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Re: ChangeLog entry complexity
- From: David Miller <davem at davemloft dot net>
- To: joseph at codesourcery dot com
- Cc: normalperson at yhbt dot net, carlos at redhat dot com, pasky at ucw dot cz, roland at hack dot frob dot com, neleai at seznam dot cz, libc-alpha at sourceware dot org
- Date: Wed, 27 Mar 2013 12:58:21 -0400 (EDT)
- Subject: Re: ChangeLog entry complexity
- References: <Pine dot LNX dot 4 dot 64 dot 1303271427040 dot 23096 at digraph dot polyomino dot org dot uk> <20130327 dot 122444 dot 1693913000175389808 dot davem at davemloft dot net> <Pine dot LNX dot 4 dot 64 dot 1303271628190 dot 23096 at digraph dot polyomino dot org dot uk>
From: "Joseph S. Myers" <firstname.lastname@example.org>
Date: Wed, 27 Mar 2013 16:40:50 +0000
> I see nothing in "man git-log" about logs for files matching a pattern
> (actually, it doesn't seem to say what <path> means at all, or to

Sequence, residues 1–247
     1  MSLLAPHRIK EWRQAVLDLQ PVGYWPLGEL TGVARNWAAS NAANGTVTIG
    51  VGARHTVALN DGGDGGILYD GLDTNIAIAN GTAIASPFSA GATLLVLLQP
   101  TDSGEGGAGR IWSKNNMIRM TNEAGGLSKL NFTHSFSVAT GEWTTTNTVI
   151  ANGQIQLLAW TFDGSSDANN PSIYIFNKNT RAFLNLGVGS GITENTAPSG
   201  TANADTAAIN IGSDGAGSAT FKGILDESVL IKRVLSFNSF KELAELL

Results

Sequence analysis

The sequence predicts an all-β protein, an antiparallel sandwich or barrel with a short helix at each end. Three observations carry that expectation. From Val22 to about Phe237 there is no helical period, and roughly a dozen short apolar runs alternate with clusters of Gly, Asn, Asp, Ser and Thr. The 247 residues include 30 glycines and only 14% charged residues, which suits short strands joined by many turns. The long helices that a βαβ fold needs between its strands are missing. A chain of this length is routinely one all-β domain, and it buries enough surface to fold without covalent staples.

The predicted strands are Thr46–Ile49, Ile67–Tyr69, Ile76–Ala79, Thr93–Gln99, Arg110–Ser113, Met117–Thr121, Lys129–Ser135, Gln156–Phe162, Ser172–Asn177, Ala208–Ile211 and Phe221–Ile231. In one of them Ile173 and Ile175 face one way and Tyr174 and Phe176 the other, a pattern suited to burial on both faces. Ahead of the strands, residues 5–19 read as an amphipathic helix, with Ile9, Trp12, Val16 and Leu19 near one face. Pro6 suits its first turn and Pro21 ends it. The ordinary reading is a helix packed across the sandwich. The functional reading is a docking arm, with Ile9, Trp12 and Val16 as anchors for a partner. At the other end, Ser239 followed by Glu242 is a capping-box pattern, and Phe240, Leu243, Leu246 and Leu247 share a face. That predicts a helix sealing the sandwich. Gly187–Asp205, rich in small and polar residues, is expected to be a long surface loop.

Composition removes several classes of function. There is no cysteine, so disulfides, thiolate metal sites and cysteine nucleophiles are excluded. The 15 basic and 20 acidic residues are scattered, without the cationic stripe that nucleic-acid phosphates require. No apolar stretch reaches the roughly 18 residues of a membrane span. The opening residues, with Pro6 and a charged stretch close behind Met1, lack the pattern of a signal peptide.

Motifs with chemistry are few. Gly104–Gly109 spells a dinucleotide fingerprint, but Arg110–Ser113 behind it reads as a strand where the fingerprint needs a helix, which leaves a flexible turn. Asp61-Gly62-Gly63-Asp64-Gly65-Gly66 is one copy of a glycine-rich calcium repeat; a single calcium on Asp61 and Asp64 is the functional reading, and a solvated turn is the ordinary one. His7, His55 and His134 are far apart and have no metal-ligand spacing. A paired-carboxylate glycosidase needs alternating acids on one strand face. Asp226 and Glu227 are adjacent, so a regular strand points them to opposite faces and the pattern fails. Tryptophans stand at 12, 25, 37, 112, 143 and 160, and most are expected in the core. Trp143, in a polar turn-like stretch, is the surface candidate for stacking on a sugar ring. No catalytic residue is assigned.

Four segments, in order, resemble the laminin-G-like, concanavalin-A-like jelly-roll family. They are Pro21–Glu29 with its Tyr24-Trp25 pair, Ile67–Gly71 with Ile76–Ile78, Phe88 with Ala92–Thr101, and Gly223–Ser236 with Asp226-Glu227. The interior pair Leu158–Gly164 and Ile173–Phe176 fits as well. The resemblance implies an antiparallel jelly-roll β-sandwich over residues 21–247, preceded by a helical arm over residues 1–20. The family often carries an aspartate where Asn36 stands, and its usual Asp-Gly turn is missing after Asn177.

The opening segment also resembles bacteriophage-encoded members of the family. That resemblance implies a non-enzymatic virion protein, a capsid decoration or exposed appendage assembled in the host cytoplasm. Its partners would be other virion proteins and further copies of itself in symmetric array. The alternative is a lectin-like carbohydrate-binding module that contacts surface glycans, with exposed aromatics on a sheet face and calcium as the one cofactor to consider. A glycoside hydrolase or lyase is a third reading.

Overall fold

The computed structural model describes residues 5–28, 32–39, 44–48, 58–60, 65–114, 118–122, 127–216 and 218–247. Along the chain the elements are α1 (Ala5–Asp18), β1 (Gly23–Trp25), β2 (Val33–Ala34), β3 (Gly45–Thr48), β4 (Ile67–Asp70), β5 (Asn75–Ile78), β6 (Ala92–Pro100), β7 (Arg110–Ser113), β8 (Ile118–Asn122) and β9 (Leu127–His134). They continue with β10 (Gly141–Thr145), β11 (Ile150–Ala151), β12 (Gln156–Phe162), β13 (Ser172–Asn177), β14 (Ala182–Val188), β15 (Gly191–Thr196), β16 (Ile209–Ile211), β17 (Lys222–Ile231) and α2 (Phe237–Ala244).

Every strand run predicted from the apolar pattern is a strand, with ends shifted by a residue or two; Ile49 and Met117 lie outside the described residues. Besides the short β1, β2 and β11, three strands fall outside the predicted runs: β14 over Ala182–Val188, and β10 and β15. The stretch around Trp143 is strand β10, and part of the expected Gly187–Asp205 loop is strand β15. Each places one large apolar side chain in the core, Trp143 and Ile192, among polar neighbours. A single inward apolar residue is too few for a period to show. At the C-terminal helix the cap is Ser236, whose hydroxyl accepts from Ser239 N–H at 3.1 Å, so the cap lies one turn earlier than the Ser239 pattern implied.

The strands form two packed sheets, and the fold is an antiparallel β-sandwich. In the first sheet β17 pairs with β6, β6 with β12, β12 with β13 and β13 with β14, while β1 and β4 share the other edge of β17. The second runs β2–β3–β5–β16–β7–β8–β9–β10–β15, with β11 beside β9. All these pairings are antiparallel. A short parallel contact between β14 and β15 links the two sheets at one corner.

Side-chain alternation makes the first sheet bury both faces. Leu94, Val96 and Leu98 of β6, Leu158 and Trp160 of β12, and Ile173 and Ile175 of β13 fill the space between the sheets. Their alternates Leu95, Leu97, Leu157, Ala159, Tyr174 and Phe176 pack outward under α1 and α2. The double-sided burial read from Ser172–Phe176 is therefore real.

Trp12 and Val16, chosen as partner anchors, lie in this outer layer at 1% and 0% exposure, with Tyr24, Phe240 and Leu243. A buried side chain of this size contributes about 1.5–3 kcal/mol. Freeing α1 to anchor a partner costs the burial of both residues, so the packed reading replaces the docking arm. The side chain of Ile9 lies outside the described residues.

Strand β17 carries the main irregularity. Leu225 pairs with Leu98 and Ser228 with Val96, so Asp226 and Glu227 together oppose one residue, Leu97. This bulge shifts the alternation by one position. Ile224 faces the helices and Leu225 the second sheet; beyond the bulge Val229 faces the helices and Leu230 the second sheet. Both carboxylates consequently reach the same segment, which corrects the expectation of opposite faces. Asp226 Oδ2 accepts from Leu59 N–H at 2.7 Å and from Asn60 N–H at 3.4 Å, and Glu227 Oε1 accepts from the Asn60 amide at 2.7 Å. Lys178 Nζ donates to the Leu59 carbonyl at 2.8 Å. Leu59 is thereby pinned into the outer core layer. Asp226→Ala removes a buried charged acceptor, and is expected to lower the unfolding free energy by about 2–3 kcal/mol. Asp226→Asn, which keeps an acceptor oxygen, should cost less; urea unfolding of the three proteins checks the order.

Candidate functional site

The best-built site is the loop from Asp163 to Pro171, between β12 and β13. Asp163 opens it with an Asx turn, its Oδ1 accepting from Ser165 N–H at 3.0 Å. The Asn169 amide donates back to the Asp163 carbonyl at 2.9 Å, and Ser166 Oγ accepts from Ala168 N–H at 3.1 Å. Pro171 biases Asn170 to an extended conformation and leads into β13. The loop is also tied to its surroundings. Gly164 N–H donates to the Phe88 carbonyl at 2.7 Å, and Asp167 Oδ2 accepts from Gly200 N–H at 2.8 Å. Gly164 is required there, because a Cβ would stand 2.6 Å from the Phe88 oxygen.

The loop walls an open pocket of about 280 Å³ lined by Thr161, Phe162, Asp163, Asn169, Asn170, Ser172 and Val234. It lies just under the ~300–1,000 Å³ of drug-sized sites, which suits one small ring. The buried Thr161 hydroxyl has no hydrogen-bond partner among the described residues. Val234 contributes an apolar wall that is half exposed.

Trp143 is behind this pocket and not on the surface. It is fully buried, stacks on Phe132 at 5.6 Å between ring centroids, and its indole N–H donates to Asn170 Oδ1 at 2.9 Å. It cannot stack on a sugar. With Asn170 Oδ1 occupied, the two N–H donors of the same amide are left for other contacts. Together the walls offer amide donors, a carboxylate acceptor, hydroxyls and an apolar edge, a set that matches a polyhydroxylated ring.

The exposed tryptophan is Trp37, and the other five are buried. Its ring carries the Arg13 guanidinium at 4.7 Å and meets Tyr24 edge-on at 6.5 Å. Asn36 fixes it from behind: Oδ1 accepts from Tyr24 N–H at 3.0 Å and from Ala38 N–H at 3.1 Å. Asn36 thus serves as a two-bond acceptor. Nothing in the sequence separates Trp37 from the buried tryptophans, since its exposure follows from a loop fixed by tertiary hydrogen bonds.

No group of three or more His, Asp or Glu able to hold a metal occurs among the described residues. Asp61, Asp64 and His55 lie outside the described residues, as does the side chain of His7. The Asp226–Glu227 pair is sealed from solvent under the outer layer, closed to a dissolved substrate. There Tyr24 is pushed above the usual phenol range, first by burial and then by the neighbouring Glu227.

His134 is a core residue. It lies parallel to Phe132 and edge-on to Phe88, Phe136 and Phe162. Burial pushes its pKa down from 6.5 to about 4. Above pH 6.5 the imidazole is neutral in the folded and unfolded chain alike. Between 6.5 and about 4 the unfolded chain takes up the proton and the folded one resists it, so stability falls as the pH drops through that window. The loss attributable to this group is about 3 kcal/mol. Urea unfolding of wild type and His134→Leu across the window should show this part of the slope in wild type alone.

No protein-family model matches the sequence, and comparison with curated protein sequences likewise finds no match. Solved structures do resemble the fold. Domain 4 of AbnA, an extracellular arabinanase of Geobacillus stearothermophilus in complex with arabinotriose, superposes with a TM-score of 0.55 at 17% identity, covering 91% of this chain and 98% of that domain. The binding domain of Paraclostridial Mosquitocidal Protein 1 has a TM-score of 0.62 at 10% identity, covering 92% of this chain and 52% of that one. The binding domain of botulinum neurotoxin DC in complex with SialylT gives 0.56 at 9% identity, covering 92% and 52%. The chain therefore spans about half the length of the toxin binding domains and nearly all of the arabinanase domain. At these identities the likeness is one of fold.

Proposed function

> reference any other specification for <path> in any other of the very
> large number of git manpages), let alone for logs based on functions
> rather than files or for excluding global mechanical changes from such
I'm sure a GIT wizard would be more than happy to teach you how to
data mine in exactly the way you want, but that's not what this
discussion is about.
I also don't think one can have it both ways.
On the one hand saying that the ChangeLog is the only place that
records all files and function names, so you can see when X or Y got
touched, and that this quality is essential and you cannot see how
GIT can do it.
And on the other hand saying that for tree wide ABI changes it's OK to
omit this information from the ChangeLog. Either it's essential to
have complete information in the ChangeLog or it isn't.
I think that I could learn more from "git blame" on a single file in
the GLIBC repository than I could if I memorized every single
ChangeLog file we have in the tree.
Furthermore, complaining about the CVS conversion is a non-starter,
because we know that the ChangeLog entries from the pre-GIT era are
significantly incomplete, especially for the changes made by the most
prolific commiter at the time, Ulrich Drepper.